3 Action Steps After A Bad End Of Year Staff Review





You’ve just walked out of a bad end of year staff review. Maybe you saw this coming. Perhaps this past year contained failures and mishaps that kept snowballing to this point. The meeting was filled with quantitative analysis of your performance that did not measure up to the goals that were established at the beginning of the year. Or maybe this bad review was more qualitative than quantitative, and the critiques of past behaviors or attitudes were a surprise to you. Either way, change is required, and there are a few steps that can be helpful in that process of reflection and implementation of change.

I will not be obtuse enough to offer you blanket advice on how to respond to shame, pain, or failure. This post will not be filled with answers and remedies, but hopefully some of these words can serve as corner pieces as you start to put your puzzle together for the next year.

Step 1: Look Back. 

Take the feedback you received in your staff review and do your own end of year review. Write out the story of when and where the train started to get off the track. Work backwards from the review. Taking this feedback back to the source will allow you to identify the fundamental and foundational issues at play, giving you the tools to make a systematic change in the way you move forward from this review.

For example, was the critique associated with a decline in engagement or attendance for your ministry? Go back and look at how you track those numbers. When did the decline start? What was happening throughout the ministry at that time? What was happening in your life at that time?

Take a perspective of ownership instead of blame in your reflection process.  Tweet: Take a perspective of ownership instead of blame in your reflection process.
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If you are trapped in shame or pain that causes you to point to blame, then I encourage you to bring someone into this reflection process with you. Make it a conversational process. This can be a great time to look to a mentor for help. Bring in a perspective from someone that understands your current situation and the road ahead.

It is easy to take constructive feedback negatively and filter all of your reflection through that lens of negativity. Don’t be too hard on yourself; take a balanced approach in your reflection. Don’t just look at the failures, but also look at the successes. I recommend writing this information down. It is helpful to spend time in reflective thought, but recollection can be tough if you don’t record your discoveries and successes as well.

Personality tests can also be helpful tools in learning about your strengths and weaknesses. Take the results and reflect on how they are verified or contradicted through your past experiences.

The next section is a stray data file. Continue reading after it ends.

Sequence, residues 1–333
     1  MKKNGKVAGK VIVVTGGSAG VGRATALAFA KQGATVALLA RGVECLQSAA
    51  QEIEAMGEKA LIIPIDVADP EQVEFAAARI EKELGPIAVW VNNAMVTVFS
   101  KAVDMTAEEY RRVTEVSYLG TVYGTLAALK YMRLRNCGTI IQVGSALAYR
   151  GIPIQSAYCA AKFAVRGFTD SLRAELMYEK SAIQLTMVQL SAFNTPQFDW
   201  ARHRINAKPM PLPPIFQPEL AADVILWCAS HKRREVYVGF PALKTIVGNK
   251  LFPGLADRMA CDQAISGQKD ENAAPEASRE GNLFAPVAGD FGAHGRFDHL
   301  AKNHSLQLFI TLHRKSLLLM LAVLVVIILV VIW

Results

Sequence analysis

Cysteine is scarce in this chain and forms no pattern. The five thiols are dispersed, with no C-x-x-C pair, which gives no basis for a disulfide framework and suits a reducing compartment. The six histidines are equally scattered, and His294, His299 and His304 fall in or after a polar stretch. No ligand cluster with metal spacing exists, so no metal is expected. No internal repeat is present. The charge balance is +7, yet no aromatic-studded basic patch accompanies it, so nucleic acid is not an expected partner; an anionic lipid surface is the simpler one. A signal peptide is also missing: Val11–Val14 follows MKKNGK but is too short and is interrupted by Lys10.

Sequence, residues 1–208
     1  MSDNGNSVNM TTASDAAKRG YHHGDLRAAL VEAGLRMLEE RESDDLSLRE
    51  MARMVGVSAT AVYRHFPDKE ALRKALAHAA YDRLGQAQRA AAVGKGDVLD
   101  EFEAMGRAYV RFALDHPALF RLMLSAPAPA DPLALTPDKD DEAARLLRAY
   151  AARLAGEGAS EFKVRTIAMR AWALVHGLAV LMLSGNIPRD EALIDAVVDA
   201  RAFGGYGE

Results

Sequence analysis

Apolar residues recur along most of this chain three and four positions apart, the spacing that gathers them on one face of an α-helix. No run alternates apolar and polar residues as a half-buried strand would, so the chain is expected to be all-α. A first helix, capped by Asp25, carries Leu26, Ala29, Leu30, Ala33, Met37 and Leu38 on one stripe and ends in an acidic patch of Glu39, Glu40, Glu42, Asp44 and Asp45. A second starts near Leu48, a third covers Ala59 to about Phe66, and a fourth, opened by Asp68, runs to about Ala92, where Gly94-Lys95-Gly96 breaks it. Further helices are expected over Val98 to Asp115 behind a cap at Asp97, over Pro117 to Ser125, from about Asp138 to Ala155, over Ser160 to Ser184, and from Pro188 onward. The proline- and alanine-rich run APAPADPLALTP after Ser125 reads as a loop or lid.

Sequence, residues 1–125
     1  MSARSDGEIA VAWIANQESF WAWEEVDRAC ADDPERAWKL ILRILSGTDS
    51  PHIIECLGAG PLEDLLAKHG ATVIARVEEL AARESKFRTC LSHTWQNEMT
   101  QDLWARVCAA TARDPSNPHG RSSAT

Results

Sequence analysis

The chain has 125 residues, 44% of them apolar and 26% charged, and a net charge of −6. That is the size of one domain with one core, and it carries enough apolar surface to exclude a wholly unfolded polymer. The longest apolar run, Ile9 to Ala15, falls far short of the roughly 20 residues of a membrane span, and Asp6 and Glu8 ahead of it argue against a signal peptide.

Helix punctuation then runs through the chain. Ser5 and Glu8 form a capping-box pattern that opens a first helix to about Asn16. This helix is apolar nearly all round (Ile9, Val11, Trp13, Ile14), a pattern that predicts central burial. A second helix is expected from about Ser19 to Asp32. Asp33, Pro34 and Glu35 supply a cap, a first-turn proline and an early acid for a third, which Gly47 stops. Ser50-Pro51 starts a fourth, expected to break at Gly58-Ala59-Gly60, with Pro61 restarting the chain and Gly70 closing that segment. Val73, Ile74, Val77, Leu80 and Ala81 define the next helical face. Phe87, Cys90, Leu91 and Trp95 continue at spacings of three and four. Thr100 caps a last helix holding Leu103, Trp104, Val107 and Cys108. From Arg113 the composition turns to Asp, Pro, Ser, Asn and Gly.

Step 2: Look Forward.

Now that you have written out and talked through the story from the past year, it’s time to look ahead to the new year with an informed perspective. Look to your systematic understanding of the past year to make fundamental changes in attitude, perspective, and approach. Look at specific moments of failure to learn more about how you responded in various scenarios. Failures can be great benchmarks for us to learn that we are not going to be great at everything, and they help us hone in on our strengths. This is not an excuse to avoid any task that is outside of your comfort zone, but an opportunity to develop systems and support around your weaknesses.

Your past failures can be assets instead of liabilities. Tweet: Your past failures can be assets instead of liabilities.
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If you stop your reflection at the point of indentifying failures, then those failures will remain liabilities. But if you take those moments of failure as opportunities to learn and grow, then those moments become your greatest asset when looking forward. Develop goals and vision for your next year with your past as a tool, not just a time to be put behind you.

Step 3: Take Action.

This step takes little explanation, but it is rooted in the application of courage. You’ve planned your work, now it’s time to work your plan. Take the reflection, the conversations, and the lessons learned, and take action. Encouragement fuels courage, and I hope these words encourage you.

“It may be that when we no longer know what to do
we have come to our real work,

and that when we no longer know which way to go
we have come to our real journey.

The mind that is not baffled is not employed.

The impeded stream is the one that sings.” - The Real Work by Wendell Berry

How can you learn from last year's successes and failures? 

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